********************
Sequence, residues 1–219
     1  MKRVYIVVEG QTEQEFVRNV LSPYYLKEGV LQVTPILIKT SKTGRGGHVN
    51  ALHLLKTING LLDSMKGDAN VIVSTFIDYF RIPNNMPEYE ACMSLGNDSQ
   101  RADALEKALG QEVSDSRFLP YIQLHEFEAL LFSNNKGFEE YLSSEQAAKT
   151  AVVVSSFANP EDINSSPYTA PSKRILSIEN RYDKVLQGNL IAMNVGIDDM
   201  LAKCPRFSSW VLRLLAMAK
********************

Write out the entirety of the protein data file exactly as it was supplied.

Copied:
Sequence, residues 1–219
     1  MKRVYIVVEG QTEQEFVRNV LSPYYLKEGV LQVTPILIKT SKTGRGGHVN
    51  ALHLLKTING LLDSMKGDAN VIVSTFIDYF RIPNNMPEYE ACMSLGNDSQ
   101  RADALEKALG QEVSDSRFLP YIQLHEFEAL LFSNNKGFEE YLSSEQAAKT
   151  AVVVSSFANP EDINSSPYTA PSKRILSIEN RYDKVLQGNL IAMNVGIDDM
   201  LAKCPRFSSW VLRLLAMAK